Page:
In the dinghy fleets, the Laser ‘passage race’ from Blackrock to Crosshaven on Saturday was a tough challenge for the single-handers. The ILCA 6 winner was Joe O’Sullivan, with Robert Jeffreys second and Eve McCarthy third. Laser 4 fleet winner was Craig O’Neill, with Liam Duggan second and Tommy Hiras third. The ILCA 7 winner was Richard McGlade. Liam Duggan won ILCA 4 in Sunday's racing, with Craig O’Neill second and Eve McCarthy third.

Fast sailing in a 29er dinghy during Royal Cork Yacht Club's 'At Home Regatta' was won by Fiona Young’s Albin Express ‘North Star' Photo: Bob BatemanFast sailing in a 29er dinghy during Royal Cork Yacht Club's 'At Home Regatta' Photo: Bob Bateman

Fevas raced from Monkstown to Crosshaven on Sunday, won by Cathal and Ruadhan Jackson, second Harry Coole and Chris Granby, and third Aifric Barry and Florence Dennehy.

Racing on the Curlane Bank, the Toppers winner was Lucy Moynan, second Kate Dean and third Ruby Foley. Optimists Class winner was Hugh O’Neill, second Charlie McKibben and third Ayda Bruen.

The crew of the National 18 Ball 'n' Chain is hit by a gust going downwind during Royal Cork Yacht Club's 'At Home Regatta' was won by Fiona Young’s Albin Express ‘North Star' Photo: Bob BatemanThe crew of the National 18 Ball 'n' Chain is hit by a gust going downwind during Royal Cork Yacht Club's 'At Home Regatta' Photo: Bob Bateman

National 18s Class was won by Charles Dwyer and crew sailing ‘Nacho Boat’. Second ‘ Aquadisiacs,’ Colin Chapman and crew. Third ‘Peaky Blinders,’ Ronan Walsh and crew.

Bob Bateman's RCYC 'At Home 2023' Photo Gallery (Day One)

Published in Royal Cork YC

Breezy conditions which had a strong northwesterly at times tested the fleets in action in the first day of this weekend’s Royal Cork Yacht Club ‘At Home’ regatta on Saturday (26 August).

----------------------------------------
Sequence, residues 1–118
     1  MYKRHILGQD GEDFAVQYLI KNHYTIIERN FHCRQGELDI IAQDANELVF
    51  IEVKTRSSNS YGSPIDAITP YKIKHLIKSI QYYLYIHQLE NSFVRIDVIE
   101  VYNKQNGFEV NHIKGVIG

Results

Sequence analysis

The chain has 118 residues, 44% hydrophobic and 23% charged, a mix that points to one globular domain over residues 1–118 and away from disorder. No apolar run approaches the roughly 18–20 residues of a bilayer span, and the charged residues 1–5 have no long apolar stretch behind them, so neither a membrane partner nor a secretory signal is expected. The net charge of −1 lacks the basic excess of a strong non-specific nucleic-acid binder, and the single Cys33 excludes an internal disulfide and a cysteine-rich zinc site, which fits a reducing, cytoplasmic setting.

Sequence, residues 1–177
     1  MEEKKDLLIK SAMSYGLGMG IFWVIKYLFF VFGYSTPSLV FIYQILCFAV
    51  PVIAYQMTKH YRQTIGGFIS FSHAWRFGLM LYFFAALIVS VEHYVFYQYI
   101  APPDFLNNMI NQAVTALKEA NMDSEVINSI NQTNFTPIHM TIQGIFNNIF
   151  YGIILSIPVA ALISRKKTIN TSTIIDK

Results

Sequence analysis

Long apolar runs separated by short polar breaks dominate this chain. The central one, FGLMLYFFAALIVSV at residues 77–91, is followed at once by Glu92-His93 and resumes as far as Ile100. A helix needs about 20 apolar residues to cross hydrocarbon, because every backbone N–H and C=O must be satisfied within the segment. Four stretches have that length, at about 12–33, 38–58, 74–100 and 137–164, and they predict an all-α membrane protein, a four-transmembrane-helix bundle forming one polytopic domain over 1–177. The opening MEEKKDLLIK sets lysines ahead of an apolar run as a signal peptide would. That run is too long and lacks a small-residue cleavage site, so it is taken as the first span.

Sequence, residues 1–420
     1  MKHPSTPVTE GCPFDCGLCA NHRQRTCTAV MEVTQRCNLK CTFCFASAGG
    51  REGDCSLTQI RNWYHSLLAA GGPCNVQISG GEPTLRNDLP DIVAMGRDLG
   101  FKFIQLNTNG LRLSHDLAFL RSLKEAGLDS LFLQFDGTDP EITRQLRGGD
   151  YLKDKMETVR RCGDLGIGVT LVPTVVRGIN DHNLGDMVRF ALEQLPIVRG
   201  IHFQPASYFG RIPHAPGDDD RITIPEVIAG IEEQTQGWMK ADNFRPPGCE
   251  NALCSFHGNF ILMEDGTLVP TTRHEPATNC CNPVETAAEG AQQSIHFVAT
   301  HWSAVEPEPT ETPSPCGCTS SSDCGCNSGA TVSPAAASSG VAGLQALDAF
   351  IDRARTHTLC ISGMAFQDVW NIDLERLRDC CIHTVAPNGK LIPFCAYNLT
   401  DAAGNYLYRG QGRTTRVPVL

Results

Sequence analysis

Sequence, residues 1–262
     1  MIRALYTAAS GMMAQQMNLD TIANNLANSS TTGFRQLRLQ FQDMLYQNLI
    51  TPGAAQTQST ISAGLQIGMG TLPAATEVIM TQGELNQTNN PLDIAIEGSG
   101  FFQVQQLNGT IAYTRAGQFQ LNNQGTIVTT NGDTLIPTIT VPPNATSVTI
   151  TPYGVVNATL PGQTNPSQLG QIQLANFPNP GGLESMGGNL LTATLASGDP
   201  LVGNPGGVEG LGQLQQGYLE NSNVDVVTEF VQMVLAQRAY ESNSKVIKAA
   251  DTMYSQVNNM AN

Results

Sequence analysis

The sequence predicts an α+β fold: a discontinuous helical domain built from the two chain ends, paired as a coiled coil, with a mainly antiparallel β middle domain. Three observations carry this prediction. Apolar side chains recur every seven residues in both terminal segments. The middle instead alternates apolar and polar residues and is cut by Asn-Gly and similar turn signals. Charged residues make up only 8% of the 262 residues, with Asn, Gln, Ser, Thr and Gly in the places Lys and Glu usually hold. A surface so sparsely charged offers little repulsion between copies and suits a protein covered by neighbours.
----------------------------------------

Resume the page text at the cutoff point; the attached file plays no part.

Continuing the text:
Our own Bob Bateman reports that the proposed format change that would have seen some fleets racing from Blackrock did not happen, with ILCAs and Toppers spotted returning to the club.

The National 18 class had a sprint series which consisted of three races on the Curlane Bank, where they were joined by mixed dinghies, two 29ers, a few 420s and an RS 200.

Clear leader on the day was Nacho Boat, helmed by Charles Dwyer, with three bullets. Second and third on the leaderboard respectively are Aquadisiacs (helmed by Colin Chapman) and Peaky Blinders (Ronan Walsh), both on 10 nett points.

Bob Bateman's RCYC 'At Home' 2023 Photo Gallery 

Published in Royal Cork YC
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Due to the poor weather on the South Coast at present, the Royal Cork Yacht Club has cancelled this evening’s (Thursday 6 July) opening race in the Thursday night July League for cruisers.

Published in Royal Cork YC
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Royal Cork Yacht Club members Christian Zugel and wife Sonia Rohan took line honours in Cowes on Saturday (1 July) in this year’s Round the Island Race.

RCYC’s former Olympian Tom McWilliam also featured among the crew of their Volvo 70, Tschüss 2, which was the first monohull to finish in Saturday’s race — and was awarded the Gold Roman Bowl for first place under IRC.

The performance only adds to the pedigree of the boat, which won the 2019 Rolex Fastnet Race as Wizard and the Volvo Ocean Race 2011-12 as Groupama.

The weather conditions could not have been better for Tschüss 2 — a strong breeze throughout the day and from the west enabling a spinnaker run from just before the Needles right the way to Bembridge.

Tschüss 2’s crew celebrate their line honours and award of the Gold Roman Bowl on arrival in Cowes | Credit: Royal Cork Yacht Club/FacebookTschüss 2’s crew celebrate their line honours and award of the Gold Roman Bowl on arrival in Cowes | Credit: Royal Cork Yacht Club/Facebook